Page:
From the Vault Review: ‘Little Shop of Horrors’ (1986)

By Andrew Haas

When people hear the names Alan Menken and Howard Ashman, they often associate the two with the iconic songs they wrote for Disney animated classics like The Little Mermaid, Beauty and the Beast, and Aladdin. But before they were the biggest songwriters of the Disney Renaissance, they started in theatre, where they turned a low budget Roger Corman B-movie about a man-eating plant into a hit off-Broadway musical in 1982. A few years later, they teamed with producer David Geffen and director Frank Oz to bring their show to the silver screen. The result is one of my favorite movie musicals of all time!

In the rundown neighborhood of Skid Row lies Mushnik’s, a small flower shop that’s failing in business. But that changes when nerdy employee Seymour Krelborn, played by Rick Moranis, shows off a strange plant he has discovered and named after his ditsy crush, Audrey, played by Ellen Greene. ‘Audrey II’ becomes a huge hit, but soon Seymour realizes there’s a catch: in order for it to flourish, it must feed on human blood!

The premise may seem like an odd choice for a musical comedy, but Menken and Ashman pull it off wonderfully. The story manages to have an upbeat feel with a dark, quirky edge. In one scene, Seymour carries a body down a dark alley over to the shop. While disturbing in concept, it becomes funny when we see the bagged-up corpse clumsily fall down stairs or get knocked against a curb. The songs are done in the style of bouncy 1960s pop and rock music, with the same catchy beats and clever lyrics of the duo’s later Disney works. But while this film relishes its campy spirit, it’s not afraid to get into emotional territory, which gives it a lot more heart.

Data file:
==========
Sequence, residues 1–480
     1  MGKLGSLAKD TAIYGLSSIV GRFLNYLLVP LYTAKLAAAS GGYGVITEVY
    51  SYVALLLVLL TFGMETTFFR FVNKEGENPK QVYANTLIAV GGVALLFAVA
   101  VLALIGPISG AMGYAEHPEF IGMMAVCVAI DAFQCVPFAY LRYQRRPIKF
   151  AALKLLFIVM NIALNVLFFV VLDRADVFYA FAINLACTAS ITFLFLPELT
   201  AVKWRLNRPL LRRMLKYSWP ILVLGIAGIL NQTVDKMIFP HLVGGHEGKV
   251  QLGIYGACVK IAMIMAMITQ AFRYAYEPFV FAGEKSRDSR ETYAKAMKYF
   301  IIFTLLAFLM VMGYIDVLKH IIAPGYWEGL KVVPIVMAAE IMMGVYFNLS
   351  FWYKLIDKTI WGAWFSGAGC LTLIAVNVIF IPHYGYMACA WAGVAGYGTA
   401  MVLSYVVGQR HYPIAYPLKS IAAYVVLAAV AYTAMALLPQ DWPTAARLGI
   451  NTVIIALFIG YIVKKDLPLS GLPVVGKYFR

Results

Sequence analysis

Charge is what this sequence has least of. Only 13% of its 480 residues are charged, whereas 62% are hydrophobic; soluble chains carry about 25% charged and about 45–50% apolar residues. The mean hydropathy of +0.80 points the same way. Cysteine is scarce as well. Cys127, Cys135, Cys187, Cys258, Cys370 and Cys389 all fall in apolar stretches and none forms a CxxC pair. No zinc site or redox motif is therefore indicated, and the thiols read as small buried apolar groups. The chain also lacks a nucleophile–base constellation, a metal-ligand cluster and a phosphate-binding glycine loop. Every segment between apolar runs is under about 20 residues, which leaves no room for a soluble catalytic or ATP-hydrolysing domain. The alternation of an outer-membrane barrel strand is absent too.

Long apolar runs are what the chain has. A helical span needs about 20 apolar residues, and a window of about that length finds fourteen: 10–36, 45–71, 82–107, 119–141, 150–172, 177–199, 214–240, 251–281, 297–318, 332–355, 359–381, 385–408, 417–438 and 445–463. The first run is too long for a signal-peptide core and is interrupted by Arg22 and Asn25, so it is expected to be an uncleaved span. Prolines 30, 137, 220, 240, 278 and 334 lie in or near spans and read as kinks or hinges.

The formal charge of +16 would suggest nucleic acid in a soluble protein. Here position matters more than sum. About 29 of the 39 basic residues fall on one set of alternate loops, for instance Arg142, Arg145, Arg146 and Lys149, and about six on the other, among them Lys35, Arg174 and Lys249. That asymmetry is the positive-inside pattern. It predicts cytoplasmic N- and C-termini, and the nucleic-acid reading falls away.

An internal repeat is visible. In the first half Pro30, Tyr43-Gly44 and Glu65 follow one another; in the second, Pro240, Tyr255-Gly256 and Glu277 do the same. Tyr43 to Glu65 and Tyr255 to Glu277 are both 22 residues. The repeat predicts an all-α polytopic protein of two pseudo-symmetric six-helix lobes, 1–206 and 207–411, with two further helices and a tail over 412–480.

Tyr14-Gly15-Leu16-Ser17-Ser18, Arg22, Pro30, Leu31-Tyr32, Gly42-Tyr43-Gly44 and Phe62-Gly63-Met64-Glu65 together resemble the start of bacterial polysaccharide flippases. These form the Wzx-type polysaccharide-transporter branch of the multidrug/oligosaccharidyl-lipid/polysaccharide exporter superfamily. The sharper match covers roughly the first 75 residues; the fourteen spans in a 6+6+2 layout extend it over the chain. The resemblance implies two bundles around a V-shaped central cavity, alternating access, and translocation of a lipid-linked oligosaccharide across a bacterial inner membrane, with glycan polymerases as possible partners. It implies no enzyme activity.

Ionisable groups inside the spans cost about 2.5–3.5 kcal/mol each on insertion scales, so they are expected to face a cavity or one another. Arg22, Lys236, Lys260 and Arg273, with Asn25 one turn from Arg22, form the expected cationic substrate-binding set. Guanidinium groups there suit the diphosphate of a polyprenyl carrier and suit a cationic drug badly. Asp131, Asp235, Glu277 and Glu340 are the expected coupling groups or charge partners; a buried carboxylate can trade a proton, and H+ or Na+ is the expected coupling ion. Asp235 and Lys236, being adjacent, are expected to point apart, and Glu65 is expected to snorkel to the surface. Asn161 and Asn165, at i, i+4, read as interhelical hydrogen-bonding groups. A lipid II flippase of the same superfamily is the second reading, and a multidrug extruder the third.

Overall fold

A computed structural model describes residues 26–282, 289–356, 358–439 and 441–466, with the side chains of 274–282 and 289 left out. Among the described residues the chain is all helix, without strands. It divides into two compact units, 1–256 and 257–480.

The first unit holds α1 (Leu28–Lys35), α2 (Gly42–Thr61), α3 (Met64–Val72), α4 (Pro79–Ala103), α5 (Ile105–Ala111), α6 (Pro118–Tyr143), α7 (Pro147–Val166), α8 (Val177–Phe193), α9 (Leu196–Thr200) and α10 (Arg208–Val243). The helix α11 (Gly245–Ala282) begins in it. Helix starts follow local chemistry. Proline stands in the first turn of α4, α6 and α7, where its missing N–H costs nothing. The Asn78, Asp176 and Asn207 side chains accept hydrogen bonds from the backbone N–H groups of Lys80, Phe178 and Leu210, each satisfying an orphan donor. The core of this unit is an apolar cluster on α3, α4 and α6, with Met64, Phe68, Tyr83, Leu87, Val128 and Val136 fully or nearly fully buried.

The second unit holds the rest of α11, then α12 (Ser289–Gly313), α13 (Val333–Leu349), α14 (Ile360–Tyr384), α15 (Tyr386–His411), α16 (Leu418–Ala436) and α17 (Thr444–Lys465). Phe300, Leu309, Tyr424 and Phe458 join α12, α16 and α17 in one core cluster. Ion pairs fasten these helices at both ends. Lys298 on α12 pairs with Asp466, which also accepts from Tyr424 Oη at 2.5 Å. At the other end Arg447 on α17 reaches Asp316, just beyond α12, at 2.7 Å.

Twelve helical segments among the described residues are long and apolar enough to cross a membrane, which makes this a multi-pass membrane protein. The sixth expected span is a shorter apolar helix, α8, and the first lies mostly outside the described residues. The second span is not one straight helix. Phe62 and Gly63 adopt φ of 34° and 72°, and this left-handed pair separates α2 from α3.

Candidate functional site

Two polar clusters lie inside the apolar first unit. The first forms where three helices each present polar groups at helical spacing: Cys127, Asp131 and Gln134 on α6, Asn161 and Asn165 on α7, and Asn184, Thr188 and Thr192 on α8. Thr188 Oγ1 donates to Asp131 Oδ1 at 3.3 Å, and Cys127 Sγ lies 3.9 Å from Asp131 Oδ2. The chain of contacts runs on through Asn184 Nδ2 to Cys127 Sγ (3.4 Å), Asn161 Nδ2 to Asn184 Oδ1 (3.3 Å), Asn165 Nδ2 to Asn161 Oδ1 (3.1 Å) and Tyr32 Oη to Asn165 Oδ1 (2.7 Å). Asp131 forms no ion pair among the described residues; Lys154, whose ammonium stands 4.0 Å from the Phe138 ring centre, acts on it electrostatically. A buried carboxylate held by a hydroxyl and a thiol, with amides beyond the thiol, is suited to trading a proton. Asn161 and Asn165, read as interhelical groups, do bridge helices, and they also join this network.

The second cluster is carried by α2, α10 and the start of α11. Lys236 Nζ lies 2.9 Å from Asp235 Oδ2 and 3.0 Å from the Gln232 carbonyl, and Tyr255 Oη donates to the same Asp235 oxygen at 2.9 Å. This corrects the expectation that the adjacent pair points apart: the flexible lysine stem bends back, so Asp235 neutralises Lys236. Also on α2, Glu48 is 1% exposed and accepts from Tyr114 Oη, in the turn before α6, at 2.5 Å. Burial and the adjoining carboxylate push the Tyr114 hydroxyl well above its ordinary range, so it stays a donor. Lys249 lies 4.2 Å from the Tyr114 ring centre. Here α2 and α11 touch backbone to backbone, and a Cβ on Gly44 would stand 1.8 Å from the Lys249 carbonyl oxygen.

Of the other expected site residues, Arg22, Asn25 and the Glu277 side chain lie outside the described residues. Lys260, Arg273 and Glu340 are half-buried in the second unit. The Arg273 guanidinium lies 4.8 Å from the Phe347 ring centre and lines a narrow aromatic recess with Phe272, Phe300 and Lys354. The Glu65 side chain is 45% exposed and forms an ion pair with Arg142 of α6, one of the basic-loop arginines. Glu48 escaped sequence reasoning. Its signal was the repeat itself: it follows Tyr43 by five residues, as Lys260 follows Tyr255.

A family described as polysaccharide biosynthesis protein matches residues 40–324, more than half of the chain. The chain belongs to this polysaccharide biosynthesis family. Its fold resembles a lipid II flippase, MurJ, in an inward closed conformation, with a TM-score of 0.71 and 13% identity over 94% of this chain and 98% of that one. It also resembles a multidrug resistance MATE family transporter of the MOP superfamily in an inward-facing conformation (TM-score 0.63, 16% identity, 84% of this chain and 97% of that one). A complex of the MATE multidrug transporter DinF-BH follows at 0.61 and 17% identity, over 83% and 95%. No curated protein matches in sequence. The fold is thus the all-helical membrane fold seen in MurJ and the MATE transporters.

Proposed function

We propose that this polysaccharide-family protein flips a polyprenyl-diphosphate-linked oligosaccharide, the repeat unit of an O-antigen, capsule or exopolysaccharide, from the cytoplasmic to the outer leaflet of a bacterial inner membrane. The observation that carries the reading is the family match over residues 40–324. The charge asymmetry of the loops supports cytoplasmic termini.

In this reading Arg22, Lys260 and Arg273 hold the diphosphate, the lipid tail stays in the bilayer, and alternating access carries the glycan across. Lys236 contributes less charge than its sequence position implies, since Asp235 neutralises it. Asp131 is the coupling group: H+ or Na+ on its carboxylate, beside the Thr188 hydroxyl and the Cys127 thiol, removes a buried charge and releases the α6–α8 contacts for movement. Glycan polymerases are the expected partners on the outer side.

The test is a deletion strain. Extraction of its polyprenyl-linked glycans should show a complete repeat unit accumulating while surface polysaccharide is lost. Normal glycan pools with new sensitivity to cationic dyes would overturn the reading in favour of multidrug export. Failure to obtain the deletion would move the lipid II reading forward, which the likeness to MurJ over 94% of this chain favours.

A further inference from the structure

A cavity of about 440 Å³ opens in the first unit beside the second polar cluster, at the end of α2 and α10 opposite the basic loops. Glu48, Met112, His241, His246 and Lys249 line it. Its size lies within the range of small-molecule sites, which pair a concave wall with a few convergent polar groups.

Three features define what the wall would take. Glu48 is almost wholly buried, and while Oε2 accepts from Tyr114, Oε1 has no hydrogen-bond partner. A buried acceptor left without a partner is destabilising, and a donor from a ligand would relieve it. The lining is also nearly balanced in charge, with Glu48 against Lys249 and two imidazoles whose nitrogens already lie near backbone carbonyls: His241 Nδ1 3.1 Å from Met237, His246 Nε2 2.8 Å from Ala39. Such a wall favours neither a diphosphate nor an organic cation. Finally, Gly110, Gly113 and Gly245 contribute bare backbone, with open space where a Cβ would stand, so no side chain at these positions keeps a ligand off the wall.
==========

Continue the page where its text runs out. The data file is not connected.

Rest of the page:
But you can’t have good musical numbers without talent to sing them, and this film has a terrific cast. Rick Moranis is perfect as the dorky Seymour, playing up the timid nice guy who’s easily manipulated. The way he interacts with other characters, including the plant, adds to the humor. Greene’s Audrey is the typical clueless love interest, but she’s also sympathetic in her desire for a better life. Although she has a fragile, high-pitched voice through most of the movie, she sure knows how to belt a song, especially during the number “Suddenly Seymour.” The two leads are very likable together, but I’ll get to why that might be a double-edge sword later. Another standout is Steve Martin as Audrey’s boyfriend, an Elvis-like sadistic dentist. He adds a lot of dumb charm to such a psychopath and has some of the best dark comedy moments in the film. Other characters include Crystal, Ronette, and Chiffon, who make up a greek chorus that adds a lot to the narrative, songs, and atmosphere. Then there are the hilarious cameos by comedic actors like John Candy and Bill Murray. Finally, there’s the star attraction: the singing, man-eating plant.